However, through hard cornering, the MP4-12C doesn’t surprise with any sudden over-steer, but instead remains flat and digs its heels in, ever-ready to blast out of a corner and on to a straight. With high grip and precise throttle control, the MP4-12C’s electronic nanny rarely intervened when switched on during the test drive.
Featuring three incremental suspension stiffness levels, the MP4-12C’s innovative adaptive hydraulic anti-roll and damping system saves weight and offers the best of both worlds in ride comfort and cornering stiffness, without resorting to heavy adaptive solutions for traditional anti-roll bars.
Controlled by intuitive and seamless sensors and electronics, the MP4-12C’s hydraulic suspension system ensures an unnatural sense of fluidity and comfort for a super car as it allows better individual wheel travel and suppleness.
However, when called upon to corner hard, the MP4-12C’s hydraulic dampers tighten and replicate the actions of stiff anti-roll bars to deliver utterly flat, taut, composed and poised body control.
The MP4-12C also avoids highly expensive and track-oriented ceramic compound brakes, and uses powerful cast iron and aluminium discs with more nuanced pedal feel.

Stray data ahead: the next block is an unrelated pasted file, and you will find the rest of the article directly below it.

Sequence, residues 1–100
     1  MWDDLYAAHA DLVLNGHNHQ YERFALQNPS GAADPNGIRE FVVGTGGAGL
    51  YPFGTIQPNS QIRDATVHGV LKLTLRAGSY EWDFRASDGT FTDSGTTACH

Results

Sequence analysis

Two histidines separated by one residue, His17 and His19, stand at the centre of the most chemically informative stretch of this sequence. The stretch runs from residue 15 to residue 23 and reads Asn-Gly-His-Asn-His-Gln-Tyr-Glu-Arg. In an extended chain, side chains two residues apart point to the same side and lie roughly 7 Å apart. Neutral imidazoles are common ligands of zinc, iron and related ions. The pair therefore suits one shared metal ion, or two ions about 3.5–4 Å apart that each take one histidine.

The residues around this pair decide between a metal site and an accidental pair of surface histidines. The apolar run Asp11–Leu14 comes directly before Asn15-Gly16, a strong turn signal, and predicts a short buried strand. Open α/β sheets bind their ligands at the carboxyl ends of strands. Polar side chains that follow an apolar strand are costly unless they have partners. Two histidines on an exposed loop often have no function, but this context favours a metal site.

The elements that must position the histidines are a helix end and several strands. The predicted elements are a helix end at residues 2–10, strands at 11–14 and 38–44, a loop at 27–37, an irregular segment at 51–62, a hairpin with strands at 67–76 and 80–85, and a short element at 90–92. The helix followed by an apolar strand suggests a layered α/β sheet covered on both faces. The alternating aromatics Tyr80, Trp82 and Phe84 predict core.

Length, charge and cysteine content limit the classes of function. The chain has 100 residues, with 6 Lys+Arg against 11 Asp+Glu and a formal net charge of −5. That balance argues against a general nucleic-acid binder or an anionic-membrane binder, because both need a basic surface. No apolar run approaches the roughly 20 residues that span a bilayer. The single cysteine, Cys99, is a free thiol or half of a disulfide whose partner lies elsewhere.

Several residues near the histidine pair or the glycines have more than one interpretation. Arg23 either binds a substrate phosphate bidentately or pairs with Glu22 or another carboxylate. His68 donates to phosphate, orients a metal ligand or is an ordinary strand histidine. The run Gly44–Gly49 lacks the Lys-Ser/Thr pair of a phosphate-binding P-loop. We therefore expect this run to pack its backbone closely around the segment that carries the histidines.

Engine: 3.8-litre, mid-mounted, dry sump, twin turbo V8-cylinders
Valve-train: 32-valve, DOHC, variable timing
Bore x stroke: 93 x 69.9mm
Gearbox: 7-speed automated sequential dual clutch, RWD
Power, BHP (PS) [kW]: 592 (600)  @ 7000rpm
Specific power: 155.8bhp/litre
Torque, lb/ft (Nm): 443 (600) @ 3000-7000rpm
Specific torque: 158Nm/litre
Rev limit: 8500rpm
0-100km/h: 3.3-seconds (3.1s, Corsa tyres)
0-200km/h: 9.1-seconds (8.9s, Corsa tyres)
Quarter mile: 10.9-seconds @ 216km/h
Standing km: 19.6 @ 272km/h
Top speed: 330km/h
Fuel consumption, combined: 11.7l/100km
Carbon dioxide emissions, combined: 279g/km
Structure: Carbon fibre monocell, aluminium front & rear frames
Steering: Power rack and pinion
Suspension, F/R: Coil springs, control arms/multi-link
Damping: Hydraulic roll control & adaptive damping
Brakes, F/R: 4-piston callipers, ventilated discs, 370/350mm
Tyres, F/R: 235/35R19/305/30R20